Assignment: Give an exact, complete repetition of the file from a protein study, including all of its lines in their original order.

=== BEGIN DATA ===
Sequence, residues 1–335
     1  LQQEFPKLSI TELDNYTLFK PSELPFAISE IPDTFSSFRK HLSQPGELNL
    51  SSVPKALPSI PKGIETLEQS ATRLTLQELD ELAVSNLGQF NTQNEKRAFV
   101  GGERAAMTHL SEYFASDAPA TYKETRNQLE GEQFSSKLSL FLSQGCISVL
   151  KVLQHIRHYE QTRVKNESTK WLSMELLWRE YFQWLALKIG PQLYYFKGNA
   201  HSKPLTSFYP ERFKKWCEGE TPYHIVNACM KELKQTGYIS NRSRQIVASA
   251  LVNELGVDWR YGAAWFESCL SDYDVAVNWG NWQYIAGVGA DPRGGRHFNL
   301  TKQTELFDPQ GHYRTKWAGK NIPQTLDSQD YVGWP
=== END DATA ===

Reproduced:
Sequence, residues 1–335
     1  LQQEFPKLSI TELDNYTLFK PSELPFAISE IPDTFSSFRK HLSQPGELNL
    51  SSVPKALPSI PKGIETLEQS ATRLTLQELD ELAVSNLGQF NTQNEKRAFV
   101  GGERAAMTHL SEYFASDAPA TYKETRNQLE GEQFSSKLSL FLSQGCISVL
   151  KVLQHIRHYE QTRVKNESTK WLSMELLWRE YFQWLALKIG PQLYYFKGNA
   201  HSKPLTSFYP ERFKKWCEGE TPYHIVNACM KELKQTGYIS NRSRQIVASA
   251  LVNELGVDWR YGAAWFESCL SDYDVAVNWG NWQYIAGVGA DPRGGRHFNL
   301  TKQTELFDPQ GHYRTKWAGK NIPQTLDSQD YVGWP